Bear is trying to dump this sludge so hard they're repackaging these equity and subordinated securities, which can only be bought by QIBs, into corporations which will probably just IPO over to mom and pop, and this is dangerous.
Some of us wonder whether Bear's talking about using these things to manipulate the CDS market wasn't a real threat, but merely an attempt to market them to third-party hedge funds (i.e. to get them off Bear's books) as options on market manipulation profits.
It is interesting to note that all the sub-prime lenders changing hands in M&A deals to hedge funds in the last few months have Bear as an adviser, and the merger agreements are bizarre.
It would be ironic, nay, if hedge funds were the only active means in the economy right now to keep negative incentives of the modern debt prisons working as they should? Is Going Private's colleague right?
A quick look around does expose some rather unusual break-up clauses on deals of late. Lone Star's purchase of Accredited Home Lending lets the buyer walk for $10 million plus another $2 million at closing for no real reason at all.
Reverse break-up fees have been around awhile, but, when these become a 3% option to walk on a 20%-25% equity investment in the absence of a material adverse change, the term "no financing condition" becomes meaningless. Private equity firms increasingly have easy outs should they even get "bad vibes." 3% looks pretty cheap comparatively when you consider this option in a credit market this volatile.
Looking over at the recent McBusiness article on the topic we get this:
The situation is so bleak that Bear Stearns' asset management group is suspending redemptions at the onetime $642 million fund—meaning investors have no choice but to sit on their losses.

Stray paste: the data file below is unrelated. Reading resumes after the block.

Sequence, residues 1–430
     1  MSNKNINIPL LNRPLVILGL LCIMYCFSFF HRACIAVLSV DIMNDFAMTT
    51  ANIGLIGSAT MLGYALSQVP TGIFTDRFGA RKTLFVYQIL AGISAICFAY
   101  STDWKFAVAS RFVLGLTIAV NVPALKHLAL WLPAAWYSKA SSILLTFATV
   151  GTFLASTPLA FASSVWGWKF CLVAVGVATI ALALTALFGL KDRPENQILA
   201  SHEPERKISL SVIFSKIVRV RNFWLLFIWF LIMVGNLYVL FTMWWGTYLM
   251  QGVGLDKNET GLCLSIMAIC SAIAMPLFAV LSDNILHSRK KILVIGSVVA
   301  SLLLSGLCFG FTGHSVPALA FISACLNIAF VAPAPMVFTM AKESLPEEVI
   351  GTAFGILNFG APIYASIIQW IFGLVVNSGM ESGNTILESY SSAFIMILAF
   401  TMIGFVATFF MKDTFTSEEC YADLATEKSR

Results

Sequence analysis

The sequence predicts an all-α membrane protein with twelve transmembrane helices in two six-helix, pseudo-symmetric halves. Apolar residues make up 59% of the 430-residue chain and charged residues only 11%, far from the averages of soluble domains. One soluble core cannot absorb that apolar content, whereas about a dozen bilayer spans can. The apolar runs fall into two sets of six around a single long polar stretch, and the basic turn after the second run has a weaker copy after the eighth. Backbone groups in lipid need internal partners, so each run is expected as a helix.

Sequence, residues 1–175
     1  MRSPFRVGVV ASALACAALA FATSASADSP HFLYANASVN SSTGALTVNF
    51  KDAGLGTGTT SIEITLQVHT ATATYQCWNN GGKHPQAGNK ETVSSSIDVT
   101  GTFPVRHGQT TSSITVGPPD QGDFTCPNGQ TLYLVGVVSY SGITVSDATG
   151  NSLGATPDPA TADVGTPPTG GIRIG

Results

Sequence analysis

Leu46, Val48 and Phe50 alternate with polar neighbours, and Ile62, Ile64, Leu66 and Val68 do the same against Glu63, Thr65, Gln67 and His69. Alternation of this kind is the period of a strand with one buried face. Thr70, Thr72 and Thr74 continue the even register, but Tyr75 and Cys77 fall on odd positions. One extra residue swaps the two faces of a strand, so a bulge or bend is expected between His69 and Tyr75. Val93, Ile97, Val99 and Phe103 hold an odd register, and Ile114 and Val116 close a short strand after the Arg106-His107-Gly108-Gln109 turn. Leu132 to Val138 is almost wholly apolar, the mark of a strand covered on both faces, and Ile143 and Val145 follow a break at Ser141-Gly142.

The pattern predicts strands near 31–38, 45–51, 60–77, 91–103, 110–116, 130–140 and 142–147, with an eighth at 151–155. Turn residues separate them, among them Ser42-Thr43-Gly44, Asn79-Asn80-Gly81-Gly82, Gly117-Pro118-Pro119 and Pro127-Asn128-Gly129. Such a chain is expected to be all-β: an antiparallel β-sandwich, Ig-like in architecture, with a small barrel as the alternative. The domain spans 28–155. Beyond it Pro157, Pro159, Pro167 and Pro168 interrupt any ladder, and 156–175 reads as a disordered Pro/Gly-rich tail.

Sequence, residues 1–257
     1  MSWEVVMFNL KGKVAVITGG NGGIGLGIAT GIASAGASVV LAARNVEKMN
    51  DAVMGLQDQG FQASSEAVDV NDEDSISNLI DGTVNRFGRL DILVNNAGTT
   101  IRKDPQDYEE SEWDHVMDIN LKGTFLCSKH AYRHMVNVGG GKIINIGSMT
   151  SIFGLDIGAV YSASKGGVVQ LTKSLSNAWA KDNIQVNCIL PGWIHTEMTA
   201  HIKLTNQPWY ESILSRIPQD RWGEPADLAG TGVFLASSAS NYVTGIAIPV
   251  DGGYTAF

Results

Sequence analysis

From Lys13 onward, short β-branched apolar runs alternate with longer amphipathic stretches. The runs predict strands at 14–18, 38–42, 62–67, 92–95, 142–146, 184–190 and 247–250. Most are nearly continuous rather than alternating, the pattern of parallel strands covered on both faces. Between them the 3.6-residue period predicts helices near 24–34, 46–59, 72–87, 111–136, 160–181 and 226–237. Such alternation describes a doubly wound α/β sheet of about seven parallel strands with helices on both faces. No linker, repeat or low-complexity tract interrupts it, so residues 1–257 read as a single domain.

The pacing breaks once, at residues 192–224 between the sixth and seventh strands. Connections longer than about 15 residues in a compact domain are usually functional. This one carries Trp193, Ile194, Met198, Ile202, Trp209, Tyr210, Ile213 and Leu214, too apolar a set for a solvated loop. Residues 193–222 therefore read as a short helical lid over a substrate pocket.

Even the vast amounts of liquidity, a favorite tool of astute Going Private readers in times of crisis, might not stave off the recent and rather ominous signs of credit tightening. While large swaths of hedge fund and private equity money are a good thing, many liquidity providers are very "mark to market" conscious and cannot sit on deteriorating debt investments which could be held more or less indefinitely and still show up at or near acquisition cost on the books of their more traditional holders (banks). This does make me think, however, that the safety valve of mark to market in this situation might actually avoid the kind of delayed response that helped gut Japan's banking system.
It is easy to be of the opinion that risk has been underpriced for a long while. Might this be a wake-up call?
In the meantime, it appears this morning that a certain financial institution is working to dump several billion dollars of debt laden securities on the market. They might well escape debtors prison, unless certain warden-hedge funds have anything to say about it. We'll see how that works out for everyone.
Art Credit: "The Prison," painting number 7 in the series of 8 works entitled "A Rake's Progress," by William Hogarth (1733) and telling "...the story of Tom Rakewell, a young man who follows a path of vice and self-destruction after inheriting a fortune from his miserly father." The painting is set thus: "Tom is now an inmate of the Fleet, London's celebrated debtors' prison. Beside him lies the rejected script of a play he has written in the hope of securing his freedom. Other prisoners in the cell are trying similarly hopeless schemes. One man has written a treatise on how to pay 'ye Debts of ye Nation', and another is attempting to make 'fools' gold." (One wonders if anyone in the picture is drafting Collateralized Debt Obligation IPO documents).
The series "A Harlot's Progress," (1730) was the highly successful prequel (its popularity likely driven by the more sexual subject matter). An outstanding Hogarth exhibit was on display at the Tate through April of this year (an amazing show, I might add) with these pieces on loan, but the works have now returned to Sir John Soane's Museum.